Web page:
Wednesday, March 28, 2012

Reviewed on H-NET, Humanities & Social Sciences Online

A traditional historian provides a substantial review of Living with Lynching for H-Net, covering nearly every chapter in some detail. Highlights include:

"...Living with Lynching provides an emphatic push to change how we understand, write about, and teach the phenomenon of lynching."

"Living with Lynching does many things well. Historians will note that Mitchell has joined Davarian Baldwin (Chicago’s New Negroes: Modernity, the Great Migration, and Black Urban Life [2007]) in geographically decentering the Harlem Renaissance. Her emphasis on a cadre of Washington DC playwrights makes clear the national flourishing of black arts and letters in the interwar period. Moreover, Mitchell’s choice to focus on lynching dramas as a product of the black community that reaffirmed its values and goals pushes historical analysis away from a simple interpretation of black cultural production as a 'protest art' in response to white oppression."

"Living with Lynching is a well-written, well-researched piece of scholarship that will hold great value for historians studying black life in the interwar period, the Harlem Renaissance, and the phenomenon of lynching. It pushes beyond the frozen in time image of the mutilated black body to the impact of lynching on the black household. Living with Lynching makes clear how African Americans in this period combated stereotyped images by reinforcing and performing 'how they saw themselves' and 'who they believed themselves to be' (p. 199)."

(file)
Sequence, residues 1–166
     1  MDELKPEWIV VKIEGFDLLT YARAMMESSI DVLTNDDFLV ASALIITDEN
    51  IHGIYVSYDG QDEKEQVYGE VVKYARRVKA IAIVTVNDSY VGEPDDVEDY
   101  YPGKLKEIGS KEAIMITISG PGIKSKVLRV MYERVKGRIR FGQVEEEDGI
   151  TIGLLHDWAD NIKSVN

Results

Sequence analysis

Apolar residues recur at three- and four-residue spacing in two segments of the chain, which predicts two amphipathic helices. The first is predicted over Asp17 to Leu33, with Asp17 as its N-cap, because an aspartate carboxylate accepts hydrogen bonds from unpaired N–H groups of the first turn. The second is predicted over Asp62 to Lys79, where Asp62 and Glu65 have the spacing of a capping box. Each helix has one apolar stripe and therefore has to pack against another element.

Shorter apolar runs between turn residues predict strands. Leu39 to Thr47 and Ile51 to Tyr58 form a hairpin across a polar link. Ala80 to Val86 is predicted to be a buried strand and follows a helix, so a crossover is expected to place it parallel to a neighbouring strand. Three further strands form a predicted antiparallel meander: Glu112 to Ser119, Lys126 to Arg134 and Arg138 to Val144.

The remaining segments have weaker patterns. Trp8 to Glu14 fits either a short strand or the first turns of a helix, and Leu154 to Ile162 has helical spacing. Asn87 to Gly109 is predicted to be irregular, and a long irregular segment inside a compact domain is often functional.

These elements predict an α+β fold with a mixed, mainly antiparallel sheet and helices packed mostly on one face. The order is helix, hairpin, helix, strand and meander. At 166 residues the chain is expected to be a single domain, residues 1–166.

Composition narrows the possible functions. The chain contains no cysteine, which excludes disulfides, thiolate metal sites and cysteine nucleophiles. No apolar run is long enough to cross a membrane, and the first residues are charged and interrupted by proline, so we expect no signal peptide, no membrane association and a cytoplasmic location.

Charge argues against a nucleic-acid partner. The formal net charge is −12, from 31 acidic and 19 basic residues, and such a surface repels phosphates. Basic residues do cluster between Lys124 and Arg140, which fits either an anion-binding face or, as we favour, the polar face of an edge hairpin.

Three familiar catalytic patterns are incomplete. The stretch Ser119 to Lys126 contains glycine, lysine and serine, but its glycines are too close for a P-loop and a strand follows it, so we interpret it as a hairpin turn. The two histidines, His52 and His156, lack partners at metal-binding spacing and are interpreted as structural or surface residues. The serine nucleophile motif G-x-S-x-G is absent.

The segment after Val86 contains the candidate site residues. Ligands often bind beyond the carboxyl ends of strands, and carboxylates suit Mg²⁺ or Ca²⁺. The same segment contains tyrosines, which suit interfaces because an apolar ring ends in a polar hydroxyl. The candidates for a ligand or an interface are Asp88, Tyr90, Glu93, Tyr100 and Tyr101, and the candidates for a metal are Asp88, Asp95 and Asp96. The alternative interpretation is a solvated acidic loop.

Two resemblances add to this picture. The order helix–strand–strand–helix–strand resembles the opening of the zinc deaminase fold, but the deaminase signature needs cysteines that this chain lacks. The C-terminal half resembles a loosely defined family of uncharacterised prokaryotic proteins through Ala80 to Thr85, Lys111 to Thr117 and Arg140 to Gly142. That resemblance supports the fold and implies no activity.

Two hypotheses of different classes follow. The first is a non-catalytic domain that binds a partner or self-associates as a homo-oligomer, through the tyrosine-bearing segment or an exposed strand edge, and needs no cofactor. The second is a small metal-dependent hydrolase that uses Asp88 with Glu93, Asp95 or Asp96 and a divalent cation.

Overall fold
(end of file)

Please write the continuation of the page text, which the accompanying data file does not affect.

Full review HERE.

Friday, March 23, 2012

Interviewed by ColorLines Magazine

Short piece on Trayvon Martin case, the racial violence examined in Living with Lynching, and the importance of community conversation.

ColorLines is a publication of the Applied Research Center (

Friday, March 2, 2012

Indiana University

On Thursday, February 16, 2012, I gave a lecture at Indiana University. My visit was arranged by Professor Amy Cook, whose research centers on theatre and cognitive science. Her interest in my work and willingness to read it so carefully—and engage me so rigorously—was nothing short of humbling.

Professor Cook arranged for me to meet with Theatre and Drama graduate students in an intimate setting long before the lecture. During this session, we discussed everything from my book's performance studies methodology to the various strategies that being a woman in the profession has required me to adopt. This is when it became clear how thoroughly Professor Cook had read my book. It was also clear that she is doing remarkable work with her graduate and undergraduate students. I say a bit about that here.

I have always felt that I do this work only with the help of the ancestors. I am grateful for this image, which captures that feeling. Ida B. Wells, I speak your name.

After the lecture, I got to chat with members of the Indiana University African American and African Diaspora Studies Graduate Society. Visiting professor Walton Muyumba is on the second row to the left. He brought his graduate class, and afterward, we talked about everything from James Baldwin to Black Girls RUN!

It was a thoroughly invigorating visit. I am inspired by Amy Cook's example and remain excited about the conversations this visit made possible.